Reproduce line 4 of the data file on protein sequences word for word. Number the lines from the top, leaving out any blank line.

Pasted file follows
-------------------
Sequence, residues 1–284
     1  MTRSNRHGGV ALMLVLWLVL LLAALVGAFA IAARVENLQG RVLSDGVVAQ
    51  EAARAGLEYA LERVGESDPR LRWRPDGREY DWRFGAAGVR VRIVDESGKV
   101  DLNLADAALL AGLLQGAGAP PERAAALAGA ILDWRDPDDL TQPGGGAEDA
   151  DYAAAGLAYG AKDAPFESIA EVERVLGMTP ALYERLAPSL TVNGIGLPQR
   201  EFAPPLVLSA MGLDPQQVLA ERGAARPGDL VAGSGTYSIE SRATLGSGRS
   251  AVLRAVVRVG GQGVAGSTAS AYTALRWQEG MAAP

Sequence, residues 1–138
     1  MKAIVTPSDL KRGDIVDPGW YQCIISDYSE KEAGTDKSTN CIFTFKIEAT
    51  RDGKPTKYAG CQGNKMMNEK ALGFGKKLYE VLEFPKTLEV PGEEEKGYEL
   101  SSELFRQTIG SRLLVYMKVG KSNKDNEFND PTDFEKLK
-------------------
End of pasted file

   101  DLNLADAALL AGLLQGAGAP PERAAALAGA ILDWRDPDDL TQPGGGAEDA